“It used to be that our challenge was convincing prospects that fiberglass is a superior alternative to wood,” says Dean Casad, vice president of product and marketing for GEOTEK in Stewartville, Minn. “Now it seems that prospects are pre-sold on fiberglass and coming to us for help making the switch.”

One of those companies is High Plains Power, which sought out GEOTEK when it needed to replace wood crossarms on H-frame transmission structures. The company already used GFRP products for distribution lines and felt confident that GEOTEK’s PUPI® products could meet its demanding needs. High Plains Power installed PUPI crossarms, which feature a polyurethane foam fill, along 100 miles of a heavy-duty transmission line in a region known for its harsh weather and tough terrain.

Motivation to Move to Composites

According to Casad, crossarms – those horizontal supports actually holding the power lines – are the component seeing the biggest shift from wood to GFRP. “The big competition is still the traditional materials of construction, i.e. wood,” says Dustin Troutman, director of marketing and product development for Creative Pultrusions in Alum Bank, Pa. “Wood still dominates the crossarm market, especially the power pole market, from a distribution level – [but] wood is losing a lot of market share.”

Indeed, over the last seven years, High Plains Power has gradually switched almost 100 percent of its 80,000 crossarms to GEOTEK’s PUPI crossarms. “We no longer even use wooden crossarms,” says McDonald.

For APCO, the biggest benefit offered by composite crossarms is their strength-to-weight ratio. Typically, on dead-end towers, which serve as a heavy “anchor” along transmission lines, the company uses two 9-foot wooden crossarms. “Each arm weighs approximately 90 pounds, which is a lot of weight for the line mechanic to handle off a set of hooks. One 10-foot heavy-duty fiberglass arm, weighing only around 80 pounds, can take the place of two 9-foot wooden arms,” Brammer says.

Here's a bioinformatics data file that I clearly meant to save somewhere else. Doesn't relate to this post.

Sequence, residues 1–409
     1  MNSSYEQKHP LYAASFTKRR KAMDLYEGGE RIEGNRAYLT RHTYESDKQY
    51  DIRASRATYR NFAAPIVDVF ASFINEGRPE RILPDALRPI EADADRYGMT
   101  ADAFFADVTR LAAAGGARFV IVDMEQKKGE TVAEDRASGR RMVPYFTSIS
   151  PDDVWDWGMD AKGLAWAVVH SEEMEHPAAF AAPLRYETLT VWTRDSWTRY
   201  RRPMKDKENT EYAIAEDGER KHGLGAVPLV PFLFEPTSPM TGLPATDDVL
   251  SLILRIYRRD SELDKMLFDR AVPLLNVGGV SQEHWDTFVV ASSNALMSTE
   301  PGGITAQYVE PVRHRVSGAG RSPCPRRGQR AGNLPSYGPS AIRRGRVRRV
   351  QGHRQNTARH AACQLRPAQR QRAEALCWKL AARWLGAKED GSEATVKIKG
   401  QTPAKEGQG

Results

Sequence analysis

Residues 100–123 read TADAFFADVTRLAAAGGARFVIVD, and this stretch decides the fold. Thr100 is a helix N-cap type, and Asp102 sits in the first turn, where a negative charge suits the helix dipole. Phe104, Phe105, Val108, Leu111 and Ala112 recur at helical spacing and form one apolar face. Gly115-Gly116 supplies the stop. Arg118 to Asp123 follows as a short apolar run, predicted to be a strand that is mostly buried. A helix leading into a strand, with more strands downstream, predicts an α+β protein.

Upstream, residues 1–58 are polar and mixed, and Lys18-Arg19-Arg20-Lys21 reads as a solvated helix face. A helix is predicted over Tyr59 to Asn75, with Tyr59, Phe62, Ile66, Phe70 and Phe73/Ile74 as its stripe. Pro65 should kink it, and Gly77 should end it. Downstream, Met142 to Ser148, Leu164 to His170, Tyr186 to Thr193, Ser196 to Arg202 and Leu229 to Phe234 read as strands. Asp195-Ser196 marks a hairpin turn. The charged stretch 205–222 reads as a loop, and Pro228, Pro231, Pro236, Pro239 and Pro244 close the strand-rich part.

While United Electric typically does not use GFRP poles due to the upfront price, there are areas where the cooperative can’t deny that the benefits outweigh the cost. For instance, the utility company relied on GFRP for pole structures in a critical valley crossing to prevent woodpecker damage. “We had two three-pole structures on either side of a 1,600-foot valley crossing that the woodpeckers kept attacking,” says Long. “Patching and bird deterrents did not work, so in came fiberglass.”

As composite products prove their worth over alternatives, electric companies aren’t the only utilities recognizing these advantages. “Some of the biggest change we are seeing on the West Coast is a major push from local utility entities specifying the use of polymer enclosures over concrete. These enclosures primarily house water meters, cable company connections, power connections and sewer components,” says Mark Yoakum, polymer concrete manager for Jensen Precast in Las Vegas. “Polymers’ inherent nonconductive matrix and the ability to retain a coefficient surface much longer is a major factor in their decision.”